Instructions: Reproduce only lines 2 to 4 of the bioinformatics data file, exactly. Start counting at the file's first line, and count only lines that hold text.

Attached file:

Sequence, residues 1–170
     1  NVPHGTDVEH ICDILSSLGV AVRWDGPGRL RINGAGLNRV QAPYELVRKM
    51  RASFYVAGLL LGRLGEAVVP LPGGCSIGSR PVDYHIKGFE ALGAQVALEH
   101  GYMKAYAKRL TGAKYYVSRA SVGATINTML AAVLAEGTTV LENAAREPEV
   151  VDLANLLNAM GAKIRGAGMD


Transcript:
     1  NVPHGTDVEH ICDILSSLGV AVRWDGPGRL RINGAGLNRV QAPYELVRKM
    51  RASFYVAGLL LGRLGEAVVP LPGGCSIGSR PVDYHIKGFE ALGAQVALEH
   101  GYMKAYAKRL TGAKYYVSRA SVGATINTML AAVLAEGTTV LENAAREPEV